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Agency begins improvements at housing units

September 06, 1998|By JULIE E. GREENE

The Hagerstown Housing Authority is spending $700,000 on landscaping, fencing and entrance signs for its public housing communities, but some Noland Village residents said Friday that the money would be better spent increasing security and youth activities.

"They need to do more for the community, for the kids," said Betty Seals, who has children ages 17, 15 and 10.

The fencing, signs and landscaping are for security and aesthetics, Ted Shankle, the authority's executive director, said Friday.

By making the communities more attractive, authority officials hope to entice a better echelon of residents and get rid of drug trafficking, Shankle said in an earlier interview.

The fencing, signs and some landscaping will be done by the end of November, he said. The landscaping will be finished next spring.

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Besides Noland, other communities that will be spruced up include Frederick Manor, Westview Homes, Parkside Homes and Douglas Court, according to Hagerstown's Board of Zoning Appeals, which approved the improvements.

Providing more activities for neighborhood children would help keep them out of trouble, said resident Virginia Donald.

Seals said she'd rather see a basketball court built than the 3- to 4-foot fences being installed to block off back yards.

George Siebert, the authority's security director, said authority officials are considering replacing a basketball court that was closed several years ago because of noise complaints.

"People are complaining about the fencing going up. It feels like they're trying to barricade people in," Seals said.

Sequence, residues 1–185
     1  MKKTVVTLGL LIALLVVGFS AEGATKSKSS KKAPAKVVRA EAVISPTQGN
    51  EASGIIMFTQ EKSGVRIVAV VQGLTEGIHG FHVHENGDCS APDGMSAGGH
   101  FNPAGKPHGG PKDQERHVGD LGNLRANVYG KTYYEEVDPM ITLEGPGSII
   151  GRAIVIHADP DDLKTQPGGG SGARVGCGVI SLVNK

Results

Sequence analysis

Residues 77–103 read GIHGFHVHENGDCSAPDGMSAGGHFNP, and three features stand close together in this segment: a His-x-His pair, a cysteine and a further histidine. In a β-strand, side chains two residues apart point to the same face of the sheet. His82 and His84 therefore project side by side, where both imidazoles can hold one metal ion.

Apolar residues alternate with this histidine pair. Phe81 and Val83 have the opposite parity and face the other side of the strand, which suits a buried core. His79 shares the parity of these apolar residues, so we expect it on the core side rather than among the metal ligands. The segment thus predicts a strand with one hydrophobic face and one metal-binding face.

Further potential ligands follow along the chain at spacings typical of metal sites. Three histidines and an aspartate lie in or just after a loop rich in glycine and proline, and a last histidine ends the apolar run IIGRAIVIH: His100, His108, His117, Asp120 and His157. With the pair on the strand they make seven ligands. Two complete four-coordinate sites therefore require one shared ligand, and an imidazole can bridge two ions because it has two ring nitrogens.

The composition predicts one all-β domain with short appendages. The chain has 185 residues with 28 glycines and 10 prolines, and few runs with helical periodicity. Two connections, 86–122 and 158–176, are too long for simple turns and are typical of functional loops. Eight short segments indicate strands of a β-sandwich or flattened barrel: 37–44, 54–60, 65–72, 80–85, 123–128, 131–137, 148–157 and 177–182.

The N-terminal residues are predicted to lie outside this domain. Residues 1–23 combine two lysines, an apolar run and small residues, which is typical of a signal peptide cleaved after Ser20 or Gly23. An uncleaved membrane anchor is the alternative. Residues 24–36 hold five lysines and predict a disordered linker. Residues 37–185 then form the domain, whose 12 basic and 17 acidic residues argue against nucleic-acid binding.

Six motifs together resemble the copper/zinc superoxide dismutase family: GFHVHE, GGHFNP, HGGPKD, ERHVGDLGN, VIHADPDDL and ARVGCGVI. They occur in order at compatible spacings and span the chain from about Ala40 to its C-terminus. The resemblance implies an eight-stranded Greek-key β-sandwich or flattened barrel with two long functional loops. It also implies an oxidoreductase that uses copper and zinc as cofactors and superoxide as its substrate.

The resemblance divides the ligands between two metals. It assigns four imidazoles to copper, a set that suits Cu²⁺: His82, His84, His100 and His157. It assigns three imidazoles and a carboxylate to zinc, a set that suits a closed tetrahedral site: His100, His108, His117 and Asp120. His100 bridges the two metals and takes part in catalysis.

Resident Pam Groves, 23, said the fence won't help security much since it is so low children can climb over it easily.

Siebert said he thinks the fences will help more than hurt, though it could pose problems when security officials are trying to get to an area quickly.

Residents said they'd rather see more security guards because they've only been patrolling the area four hours a night.

Siebert said that since budget cuts have reduced his staff, guards rotate among the public housing neighborhoods, spending less time in each.

Residents said they have seen less drug activity during the past year, but some said they think it has just moved inside the homes.

Donald said the authority's "one strike and you're out" policy is helping.

Authority officials said some tenants have been evicted because of the policy where someone who is convicted on a drug charge or violent felony and gives a public housing address results in tenants at that address being evicted.

Siebert said drug dealers are learning not to give public housing addresses so their girlfriends don't get evicted.

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